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Ahead of Midterms, Faith Plays Central Role in Republican Efforts To Win Latino Votes

“I tend to vote based on my values, but when you hear a Pentecostal pastor say ‘values,’ people tend to think I’m talking about abortion or gay marriage,” Rincon said. “There are more things in the Bible than that. It’s about the poor, serving the community … instead of pushing a political agenda.”

As the midterms approach, Rincon said he tells his largely Latino immigrant congregants, most of them from Central America, that they should focus on a wide range of issues and consider “everything that the Bible says.” His own congregants are influenced on social media by other Latino evangelicals who vote Republican and push what they refer to as “God’s agenda,” Rincon said.

The Rev. Elizabeth Rios. Photo courtesy of Plant4Harvest

The Rev. Elizabeth Rios. Photo courtesy of Plant4Harvest

For the Rev. Elizabeth Rios, who previously pastored a Pentecostal church in Florida, influential Latino evangelical leaders who have supported Trump “just don’t know their Bible.” There’s a problem with Christian education in this country and “a lack of discipleship,” Rios said.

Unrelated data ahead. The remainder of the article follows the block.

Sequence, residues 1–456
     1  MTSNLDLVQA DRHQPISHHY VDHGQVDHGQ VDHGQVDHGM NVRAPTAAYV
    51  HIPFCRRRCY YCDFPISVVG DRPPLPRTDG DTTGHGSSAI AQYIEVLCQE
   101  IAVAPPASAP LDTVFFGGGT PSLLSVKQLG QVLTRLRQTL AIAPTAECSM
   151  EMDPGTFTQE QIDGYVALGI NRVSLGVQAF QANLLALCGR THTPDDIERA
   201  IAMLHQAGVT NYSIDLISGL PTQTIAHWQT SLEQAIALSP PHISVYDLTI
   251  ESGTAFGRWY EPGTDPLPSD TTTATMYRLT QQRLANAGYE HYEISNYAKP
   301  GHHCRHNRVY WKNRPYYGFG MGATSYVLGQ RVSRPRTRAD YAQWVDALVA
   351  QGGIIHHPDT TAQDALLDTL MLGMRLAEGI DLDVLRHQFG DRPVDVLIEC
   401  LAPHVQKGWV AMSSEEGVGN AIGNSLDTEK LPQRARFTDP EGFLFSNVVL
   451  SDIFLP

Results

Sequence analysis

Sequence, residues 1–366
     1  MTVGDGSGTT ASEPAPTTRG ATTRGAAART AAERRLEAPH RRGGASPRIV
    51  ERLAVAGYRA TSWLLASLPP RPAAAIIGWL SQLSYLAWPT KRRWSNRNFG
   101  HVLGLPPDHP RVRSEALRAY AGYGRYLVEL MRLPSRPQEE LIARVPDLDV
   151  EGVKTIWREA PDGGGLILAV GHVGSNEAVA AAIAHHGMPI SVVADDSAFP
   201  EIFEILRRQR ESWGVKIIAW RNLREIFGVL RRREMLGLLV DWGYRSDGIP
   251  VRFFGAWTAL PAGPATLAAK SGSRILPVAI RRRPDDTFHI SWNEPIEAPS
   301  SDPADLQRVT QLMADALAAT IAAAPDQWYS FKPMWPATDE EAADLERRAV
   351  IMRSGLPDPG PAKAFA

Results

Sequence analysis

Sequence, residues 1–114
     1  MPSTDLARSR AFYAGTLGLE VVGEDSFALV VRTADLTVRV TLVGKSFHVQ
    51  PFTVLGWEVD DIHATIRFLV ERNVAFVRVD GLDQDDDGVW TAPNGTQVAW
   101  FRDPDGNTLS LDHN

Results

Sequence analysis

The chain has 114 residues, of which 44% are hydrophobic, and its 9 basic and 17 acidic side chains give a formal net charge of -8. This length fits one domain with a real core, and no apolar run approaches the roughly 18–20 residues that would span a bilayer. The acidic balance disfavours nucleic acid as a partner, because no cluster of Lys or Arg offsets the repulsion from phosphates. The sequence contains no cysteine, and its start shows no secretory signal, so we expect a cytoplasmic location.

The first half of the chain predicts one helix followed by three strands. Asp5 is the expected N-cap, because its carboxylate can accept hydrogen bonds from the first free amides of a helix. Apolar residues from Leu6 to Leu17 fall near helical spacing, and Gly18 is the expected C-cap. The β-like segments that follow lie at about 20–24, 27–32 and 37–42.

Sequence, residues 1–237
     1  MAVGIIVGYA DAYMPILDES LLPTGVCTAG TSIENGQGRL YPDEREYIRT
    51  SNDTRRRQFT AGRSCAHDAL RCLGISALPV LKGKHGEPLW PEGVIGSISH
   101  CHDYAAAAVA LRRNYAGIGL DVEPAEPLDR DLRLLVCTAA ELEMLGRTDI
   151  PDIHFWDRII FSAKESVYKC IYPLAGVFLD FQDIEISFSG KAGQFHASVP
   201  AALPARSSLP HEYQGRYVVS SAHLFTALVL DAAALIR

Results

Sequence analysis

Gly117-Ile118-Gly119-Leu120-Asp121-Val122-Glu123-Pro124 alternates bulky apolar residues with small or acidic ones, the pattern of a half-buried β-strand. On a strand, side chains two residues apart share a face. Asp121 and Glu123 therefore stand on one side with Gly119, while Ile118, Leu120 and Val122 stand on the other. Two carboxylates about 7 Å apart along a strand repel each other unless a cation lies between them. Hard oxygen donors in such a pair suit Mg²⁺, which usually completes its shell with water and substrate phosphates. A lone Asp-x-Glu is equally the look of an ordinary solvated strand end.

That’s problematic, she said, particularly because Latinos “honor the pastor and faith leaders … a lot of them just don’t question them.”

As a response, Rios started Passion2Plant, a network that trains Black and brown faith leaders to start “holistically-minded, justice-oriented churches” in urban communities. The idea emerged amid the 2016 presidential election.

“We have all these churches that are regurgitating Western theology bathed in white supremacy, and we’re just repeating what we’ve been taught,” said Rios, who serves on the board of the National Latino Evangelical Coalition.

“If we had more justice-oriented churches in our country, there wouldn’t have been a President Trump,” Rios said. “To this day, he’s a real threat.”

To Rios, a “justice-oriented church” goes beyond hosting a monthly food pantry. She said it’s about making decisions “based on what we believe is the Imago Dei that everybody is made in the image of God.” Rios, a New York City native who is Afro-Boricua, challenges her Pentecostal community to do better when it comes to LGBTQ people and to go beyond “we hate the sin, love the sinner.” And, she said, “abortion shouldn’t be the catchall for everything.”

Rios will continue identifying as evangelical, despite conservative Latino evangelicals who, she feels, have co-opted the term.

“We believe in all the gifts of the Spirit just like most, but we also stand up for justice without doubt, without fear of being kicked out of our denomination.”

This article originally appeared here